Friday, July 25, 2008
Brunonia Barry/THE LACE READER
Towner Whitney never intended to return to Salem, Massechusetts. Now 33, Towner has been living in California for the last 15 years, since the mental breakdown she had after her twin sister's suicide. But now she has to go back--her beloved Great Aunt Eva has disappeared. As Towner is forced to confront the life she'd hoped she'd left behind, she finds herself fighting for and against a town steeped in personal histories and filled with unusual characters: her mother, May, a misanthropic rescuer of battered women who lives with a tribe of feral golden retrievers on an inaccessible island; a walking wounded recovering alcoholic police officer; an angry ex boyfriend; a serial pedophile and violent abuser who also happens to be the most influential evangelical religious leader in town and Towner's uncle. Most relevantly, Towner must fight for and against the ghosts of her past, and reconcile herself with this town full of ambient magic and every conceivable kind of witch.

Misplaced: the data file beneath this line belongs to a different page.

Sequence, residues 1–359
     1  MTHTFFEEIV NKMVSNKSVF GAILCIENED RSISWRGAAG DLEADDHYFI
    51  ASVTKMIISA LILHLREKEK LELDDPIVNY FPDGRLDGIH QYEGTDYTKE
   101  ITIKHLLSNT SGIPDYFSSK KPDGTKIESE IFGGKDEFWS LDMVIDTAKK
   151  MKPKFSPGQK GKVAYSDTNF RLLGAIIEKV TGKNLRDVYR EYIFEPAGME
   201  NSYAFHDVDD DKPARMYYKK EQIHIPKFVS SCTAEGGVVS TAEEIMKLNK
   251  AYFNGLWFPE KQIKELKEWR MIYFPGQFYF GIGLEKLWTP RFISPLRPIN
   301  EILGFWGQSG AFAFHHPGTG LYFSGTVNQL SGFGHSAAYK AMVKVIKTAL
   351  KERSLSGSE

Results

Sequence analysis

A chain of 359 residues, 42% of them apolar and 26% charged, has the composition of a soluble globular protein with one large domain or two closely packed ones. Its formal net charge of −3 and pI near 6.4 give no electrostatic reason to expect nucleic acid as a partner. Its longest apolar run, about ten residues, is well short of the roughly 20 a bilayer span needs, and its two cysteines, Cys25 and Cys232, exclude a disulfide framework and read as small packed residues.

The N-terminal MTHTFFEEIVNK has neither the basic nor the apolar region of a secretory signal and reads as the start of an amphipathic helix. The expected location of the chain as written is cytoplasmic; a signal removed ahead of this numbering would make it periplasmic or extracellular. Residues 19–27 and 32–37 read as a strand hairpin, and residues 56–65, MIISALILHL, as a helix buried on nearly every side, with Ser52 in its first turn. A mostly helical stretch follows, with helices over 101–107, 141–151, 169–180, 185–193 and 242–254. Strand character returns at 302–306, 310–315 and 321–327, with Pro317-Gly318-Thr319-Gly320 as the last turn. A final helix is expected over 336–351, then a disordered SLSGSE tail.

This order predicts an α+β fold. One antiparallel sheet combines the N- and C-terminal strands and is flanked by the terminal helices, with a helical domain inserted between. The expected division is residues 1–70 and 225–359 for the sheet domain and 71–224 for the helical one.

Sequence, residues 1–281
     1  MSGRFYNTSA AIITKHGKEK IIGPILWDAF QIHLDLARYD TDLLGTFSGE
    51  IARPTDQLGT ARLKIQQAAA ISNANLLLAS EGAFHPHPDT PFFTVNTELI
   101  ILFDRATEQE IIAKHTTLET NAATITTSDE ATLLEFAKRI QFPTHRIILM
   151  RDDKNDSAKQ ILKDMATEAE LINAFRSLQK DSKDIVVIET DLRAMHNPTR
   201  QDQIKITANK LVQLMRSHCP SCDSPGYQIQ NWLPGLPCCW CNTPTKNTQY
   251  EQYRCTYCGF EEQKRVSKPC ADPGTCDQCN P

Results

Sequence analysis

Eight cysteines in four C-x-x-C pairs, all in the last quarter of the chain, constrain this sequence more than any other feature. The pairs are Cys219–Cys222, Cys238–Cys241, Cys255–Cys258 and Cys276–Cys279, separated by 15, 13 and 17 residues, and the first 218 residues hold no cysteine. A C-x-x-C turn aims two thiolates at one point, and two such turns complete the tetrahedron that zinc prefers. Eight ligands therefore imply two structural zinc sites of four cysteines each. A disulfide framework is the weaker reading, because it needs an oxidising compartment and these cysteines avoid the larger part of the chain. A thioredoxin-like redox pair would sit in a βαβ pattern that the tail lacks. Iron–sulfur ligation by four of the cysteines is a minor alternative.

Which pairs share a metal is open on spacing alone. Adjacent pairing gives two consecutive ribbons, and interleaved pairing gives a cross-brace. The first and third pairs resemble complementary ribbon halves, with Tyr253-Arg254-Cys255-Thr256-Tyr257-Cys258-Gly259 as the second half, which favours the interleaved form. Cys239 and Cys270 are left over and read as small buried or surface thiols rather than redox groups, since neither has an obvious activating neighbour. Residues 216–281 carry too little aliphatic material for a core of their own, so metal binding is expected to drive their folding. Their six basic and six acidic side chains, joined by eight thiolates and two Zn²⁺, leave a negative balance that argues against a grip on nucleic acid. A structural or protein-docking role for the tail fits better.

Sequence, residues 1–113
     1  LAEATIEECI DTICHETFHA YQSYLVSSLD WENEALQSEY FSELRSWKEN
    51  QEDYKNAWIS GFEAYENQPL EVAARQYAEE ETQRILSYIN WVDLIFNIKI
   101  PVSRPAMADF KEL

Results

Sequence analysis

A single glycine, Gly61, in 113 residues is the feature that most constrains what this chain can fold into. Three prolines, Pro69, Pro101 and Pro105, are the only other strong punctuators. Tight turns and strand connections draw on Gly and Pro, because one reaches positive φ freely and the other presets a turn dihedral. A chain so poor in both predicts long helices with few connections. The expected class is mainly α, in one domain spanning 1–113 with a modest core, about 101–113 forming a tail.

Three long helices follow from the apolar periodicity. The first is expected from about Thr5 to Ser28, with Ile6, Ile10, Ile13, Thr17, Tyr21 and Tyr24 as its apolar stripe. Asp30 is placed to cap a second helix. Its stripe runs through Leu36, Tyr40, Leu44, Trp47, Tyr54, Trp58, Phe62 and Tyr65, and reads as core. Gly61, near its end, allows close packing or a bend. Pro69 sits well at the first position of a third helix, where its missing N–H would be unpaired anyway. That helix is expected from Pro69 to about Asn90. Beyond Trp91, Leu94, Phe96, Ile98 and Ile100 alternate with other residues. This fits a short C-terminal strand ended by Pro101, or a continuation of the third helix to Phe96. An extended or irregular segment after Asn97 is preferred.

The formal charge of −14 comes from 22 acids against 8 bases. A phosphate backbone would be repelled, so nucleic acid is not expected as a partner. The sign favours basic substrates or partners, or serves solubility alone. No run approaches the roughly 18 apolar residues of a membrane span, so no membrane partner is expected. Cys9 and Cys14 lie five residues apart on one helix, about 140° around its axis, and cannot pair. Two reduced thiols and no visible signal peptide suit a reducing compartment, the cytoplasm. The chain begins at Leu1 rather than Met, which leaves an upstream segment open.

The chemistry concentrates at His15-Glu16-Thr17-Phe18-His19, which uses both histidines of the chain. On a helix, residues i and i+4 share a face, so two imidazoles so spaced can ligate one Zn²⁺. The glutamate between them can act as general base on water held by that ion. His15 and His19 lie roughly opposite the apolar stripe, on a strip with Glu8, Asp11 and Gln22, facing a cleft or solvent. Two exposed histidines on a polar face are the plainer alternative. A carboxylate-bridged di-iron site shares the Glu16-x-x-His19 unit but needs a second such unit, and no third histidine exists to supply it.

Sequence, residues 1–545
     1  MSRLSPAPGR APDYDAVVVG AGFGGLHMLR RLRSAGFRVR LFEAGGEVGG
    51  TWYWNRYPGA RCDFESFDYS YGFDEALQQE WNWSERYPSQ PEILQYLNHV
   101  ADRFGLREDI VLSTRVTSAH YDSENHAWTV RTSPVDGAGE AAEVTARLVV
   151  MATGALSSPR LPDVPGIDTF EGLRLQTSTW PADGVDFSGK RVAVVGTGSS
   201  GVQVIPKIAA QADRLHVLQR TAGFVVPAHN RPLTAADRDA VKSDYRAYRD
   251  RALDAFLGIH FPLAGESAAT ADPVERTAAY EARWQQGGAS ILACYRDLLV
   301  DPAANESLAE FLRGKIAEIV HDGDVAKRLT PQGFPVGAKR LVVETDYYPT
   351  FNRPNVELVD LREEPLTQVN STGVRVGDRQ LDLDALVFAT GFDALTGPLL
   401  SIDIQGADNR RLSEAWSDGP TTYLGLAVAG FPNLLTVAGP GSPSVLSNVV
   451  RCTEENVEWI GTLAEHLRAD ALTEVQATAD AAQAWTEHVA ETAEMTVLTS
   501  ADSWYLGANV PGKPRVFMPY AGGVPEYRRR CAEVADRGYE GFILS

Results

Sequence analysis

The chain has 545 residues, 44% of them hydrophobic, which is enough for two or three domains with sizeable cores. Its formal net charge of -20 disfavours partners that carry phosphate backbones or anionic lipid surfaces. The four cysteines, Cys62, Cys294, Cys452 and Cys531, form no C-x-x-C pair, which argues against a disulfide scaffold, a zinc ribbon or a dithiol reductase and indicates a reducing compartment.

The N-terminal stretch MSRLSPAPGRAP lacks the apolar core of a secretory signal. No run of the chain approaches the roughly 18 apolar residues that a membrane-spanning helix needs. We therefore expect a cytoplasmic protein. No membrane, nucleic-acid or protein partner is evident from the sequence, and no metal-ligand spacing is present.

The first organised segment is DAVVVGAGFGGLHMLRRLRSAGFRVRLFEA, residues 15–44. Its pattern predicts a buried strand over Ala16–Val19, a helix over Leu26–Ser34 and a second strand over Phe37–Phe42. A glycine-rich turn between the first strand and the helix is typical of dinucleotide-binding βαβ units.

THE LACE READER is an absorbing read--you'll have trouble putting it down without finishing it. The over-all effect, unfortunately, is a little half-baked. A rotating narrator moves from present-tense first person to past-tense third person and past-tense first person, and the lack of narrative commitment makes the stream of thought rocky at times. The author offers a lot of interesting plot threads, some of which come to fruition and some of which get abandoned or forgotten along the way. If the ending didn't feel so rushed and the conclusions had been a little more developed, this would have been a great book. As it is, it's an entertaining read.